After months in cramped conditions in a Philippine capital plagued by the coronavirus, Tanya Mariano has decided to go telework in a city of surfers, like a growing number of “digital nomads” whose exodus is a godsend for hard-pressed tourism professionals.
It has been over a year since foreigners can travel to the Philippines, and drastic restrictions exist for travel within the archipelago.
But many people working online have decided to leave the capital – as much for fear of contamination as for weariness with regard to restrictions – to take refuge in deserted tourist villages on the coast.
Sitting on the balcony of the sea-view apartment she rents with her partner in San Juan, a surf town several hours north of Manila, Tanya Mariano describes a “huge improvement in her quality of life” thanks to this seafaring exile.
“Being near the ocean, close to nature is very calming,” explains this 37-year-old communicator and writer.
– Boracay “ghost” –
“When I’m in a meeting, on Zoom or Google Meet, I try not to put the beach in the background,” she smiles. “I put my back to a wall so they don’t hate me.”
No official figures exist for the number of people who have gone to work near the Philippines’ dream beaches. But this is obviously only a fraction of the number of tourists who normally enter the archipelago.
The pandemic has been devastating for the local tourism sector, which lost $ 37 billion in 2020 due to travel restrictions, according to figures from the World Travel and Tourism Council (WTTC). He estimates that two million jobs have been cut.
The Bravo Beach Resort, on the island of Siargao in the south, has been like many places hard hit.
This very famous surf spot is normally taken by storm by Filipino and foreign tourists. It now accommodates between five and ten people at a time on average, or about 10% of its capacity, according to its manager Dennis Serrano.
For him, it is a shortfall of 200,000 pesos (3,500 euros) per month. So he hopes for a “return to normal” next year.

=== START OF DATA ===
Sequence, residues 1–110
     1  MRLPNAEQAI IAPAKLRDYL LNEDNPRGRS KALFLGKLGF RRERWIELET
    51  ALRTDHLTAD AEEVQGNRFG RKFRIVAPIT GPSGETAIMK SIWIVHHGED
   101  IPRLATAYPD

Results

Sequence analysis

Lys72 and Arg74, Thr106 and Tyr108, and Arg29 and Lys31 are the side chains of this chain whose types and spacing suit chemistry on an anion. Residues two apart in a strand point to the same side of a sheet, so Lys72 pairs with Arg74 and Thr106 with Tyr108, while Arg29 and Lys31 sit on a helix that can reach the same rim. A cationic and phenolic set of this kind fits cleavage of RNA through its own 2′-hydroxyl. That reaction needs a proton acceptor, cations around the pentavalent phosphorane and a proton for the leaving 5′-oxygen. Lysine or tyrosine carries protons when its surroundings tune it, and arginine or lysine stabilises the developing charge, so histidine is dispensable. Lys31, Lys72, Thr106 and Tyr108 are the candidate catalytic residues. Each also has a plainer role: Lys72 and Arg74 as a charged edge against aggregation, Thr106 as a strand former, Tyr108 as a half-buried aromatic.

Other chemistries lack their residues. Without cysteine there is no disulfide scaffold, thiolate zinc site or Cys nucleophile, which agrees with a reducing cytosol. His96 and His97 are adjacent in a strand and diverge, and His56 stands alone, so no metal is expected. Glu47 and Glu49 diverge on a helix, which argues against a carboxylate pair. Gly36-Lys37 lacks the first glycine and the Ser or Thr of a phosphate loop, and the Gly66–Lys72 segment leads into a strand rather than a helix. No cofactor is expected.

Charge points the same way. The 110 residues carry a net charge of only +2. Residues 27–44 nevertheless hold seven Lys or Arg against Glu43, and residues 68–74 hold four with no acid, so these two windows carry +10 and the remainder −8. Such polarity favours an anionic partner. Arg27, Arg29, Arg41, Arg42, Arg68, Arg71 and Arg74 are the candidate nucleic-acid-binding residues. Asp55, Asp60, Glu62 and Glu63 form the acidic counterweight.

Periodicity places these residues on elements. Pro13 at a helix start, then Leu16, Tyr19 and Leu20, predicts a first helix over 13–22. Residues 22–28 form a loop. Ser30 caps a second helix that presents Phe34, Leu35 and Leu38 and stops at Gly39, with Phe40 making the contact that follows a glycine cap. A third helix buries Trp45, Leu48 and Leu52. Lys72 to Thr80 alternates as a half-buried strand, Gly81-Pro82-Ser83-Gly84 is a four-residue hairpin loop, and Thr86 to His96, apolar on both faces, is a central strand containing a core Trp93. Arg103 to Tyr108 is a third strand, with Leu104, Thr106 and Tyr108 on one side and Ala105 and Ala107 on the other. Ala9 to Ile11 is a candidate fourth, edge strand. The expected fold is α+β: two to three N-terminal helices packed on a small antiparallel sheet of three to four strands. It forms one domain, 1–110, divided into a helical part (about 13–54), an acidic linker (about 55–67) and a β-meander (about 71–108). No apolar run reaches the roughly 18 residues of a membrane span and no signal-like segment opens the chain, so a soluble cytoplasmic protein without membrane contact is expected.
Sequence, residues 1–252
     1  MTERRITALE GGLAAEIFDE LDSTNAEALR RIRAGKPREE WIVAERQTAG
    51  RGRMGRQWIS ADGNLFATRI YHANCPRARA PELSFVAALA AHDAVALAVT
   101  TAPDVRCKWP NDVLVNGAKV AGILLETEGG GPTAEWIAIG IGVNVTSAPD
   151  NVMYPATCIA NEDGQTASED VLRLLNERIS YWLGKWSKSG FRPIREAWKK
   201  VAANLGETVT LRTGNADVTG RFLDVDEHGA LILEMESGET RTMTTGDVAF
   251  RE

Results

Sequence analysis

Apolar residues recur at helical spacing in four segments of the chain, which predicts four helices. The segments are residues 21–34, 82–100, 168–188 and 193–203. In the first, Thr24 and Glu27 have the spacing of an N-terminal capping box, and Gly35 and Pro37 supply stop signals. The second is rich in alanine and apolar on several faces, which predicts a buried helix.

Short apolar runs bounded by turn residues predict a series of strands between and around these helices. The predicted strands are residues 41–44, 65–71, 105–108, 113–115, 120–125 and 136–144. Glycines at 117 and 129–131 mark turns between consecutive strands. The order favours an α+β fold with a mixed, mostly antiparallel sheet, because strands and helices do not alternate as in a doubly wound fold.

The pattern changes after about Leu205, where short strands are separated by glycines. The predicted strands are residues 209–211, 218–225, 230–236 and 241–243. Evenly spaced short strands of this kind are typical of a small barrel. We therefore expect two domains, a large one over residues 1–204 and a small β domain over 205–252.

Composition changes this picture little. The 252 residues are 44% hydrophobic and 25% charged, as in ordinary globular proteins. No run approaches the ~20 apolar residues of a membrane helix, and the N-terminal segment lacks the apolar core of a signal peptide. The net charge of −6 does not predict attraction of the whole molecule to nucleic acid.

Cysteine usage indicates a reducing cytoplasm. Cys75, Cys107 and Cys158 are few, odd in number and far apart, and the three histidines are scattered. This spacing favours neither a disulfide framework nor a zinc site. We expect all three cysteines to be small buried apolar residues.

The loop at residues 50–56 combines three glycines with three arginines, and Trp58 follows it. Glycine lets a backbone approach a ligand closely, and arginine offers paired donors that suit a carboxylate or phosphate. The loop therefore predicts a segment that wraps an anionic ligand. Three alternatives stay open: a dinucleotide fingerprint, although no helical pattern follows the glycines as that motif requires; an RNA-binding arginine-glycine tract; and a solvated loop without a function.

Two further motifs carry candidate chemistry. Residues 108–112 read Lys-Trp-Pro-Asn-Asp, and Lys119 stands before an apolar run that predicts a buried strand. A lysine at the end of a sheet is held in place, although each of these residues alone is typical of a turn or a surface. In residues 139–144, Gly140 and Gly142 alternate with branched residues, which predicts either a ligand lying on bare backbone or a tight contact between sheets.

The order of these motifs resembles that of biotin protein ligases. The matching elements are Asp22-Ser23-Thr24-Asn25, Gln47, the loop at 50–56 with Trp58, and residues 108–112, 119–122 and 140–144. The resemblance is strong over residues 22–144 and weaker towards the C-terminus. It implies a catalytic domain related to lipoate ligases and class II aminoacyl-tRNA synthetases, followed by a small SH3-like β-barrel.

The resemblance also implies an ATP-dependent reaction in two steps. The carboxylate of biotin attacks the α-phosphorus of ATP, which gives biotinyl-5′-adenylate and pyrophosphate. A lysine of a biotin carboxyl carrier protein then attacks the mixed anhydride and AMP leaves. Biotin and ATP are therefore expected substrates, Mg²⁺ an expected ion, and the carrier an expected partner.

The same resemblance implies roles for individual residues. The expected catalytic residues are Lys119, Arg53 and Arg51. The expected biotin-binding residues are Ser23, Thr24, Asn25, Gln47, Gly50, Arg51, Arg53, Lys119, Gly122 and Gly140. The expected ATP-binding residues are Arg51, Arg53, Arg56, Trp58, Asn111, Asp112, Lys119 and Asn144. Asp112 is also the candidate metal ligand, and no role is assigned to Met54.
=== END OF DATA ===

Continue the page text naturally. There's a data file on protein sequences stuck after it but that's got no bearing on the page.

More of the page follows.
Even the island of Boracay, famous the world over for its white sandy beaches, has become a “ghost town”, according to Eugene Flores, manager of the La Banca House hotel, most of whose rooms now house in long stay of digital nomads from the capital.
Official statistics show that arrivals to the island fell to less than 335,000 last year, compared to more than two million in 2019.
“When you go out, you see shops, restaurants, hotels closed,” says Flores. “Few of the places are open.”
And the slowness of the vaccination campaign in the Philippines risks delaying the recovery of the tourism sector.
In this context, digital nomads are a “target” for the sector, recognizes the Ministry of Tourism, which encourages hotels to accommodate these travelers of a new kind in the best conditions, by offering them a good internet connection but also , wellness activities.
– Visio on the beach –
The arrival of these itinerant workers from the capital, who in turn benefit from greater purchasing power in the provinces, allows certain businesses to remain afloat, such as the Papa Bear restaurant in San Juan.
“You are not totally bled dry, you bleed for sure, but at least you generate some income,” says Denny Antonino, owner of the restaurant.
These digital nomads represent 30 to 40% of his clientele and he hopes that they will take the fold of returning even after the pandemic, in order to cope with the seasonal fluctuations in his activity.
“They can work and, during their breaks, go surfing, go hiking, go see the waterfalls,” he lists.
Nine months after leaving his “prison”, as he describes his apartment in Manila’s financial district, Carlo Almendral says he has no intention of returning to the capital.
This general manager of a start-up in the field of artificial intelligence begins his days with a bike ride in the countryside, if the waves are not there to go surfing.
He ends them with a video meeting on the beach at sunset with a glass of wine and Alfred, his bulldog.
“I didn’t realize, before arriving here, how much time I was wasting worrying about the pandemic,” explains the 43-year-old man, whose office is now a studio on the top floor with a sea view. ” By being here, I am more productive, and more creative. “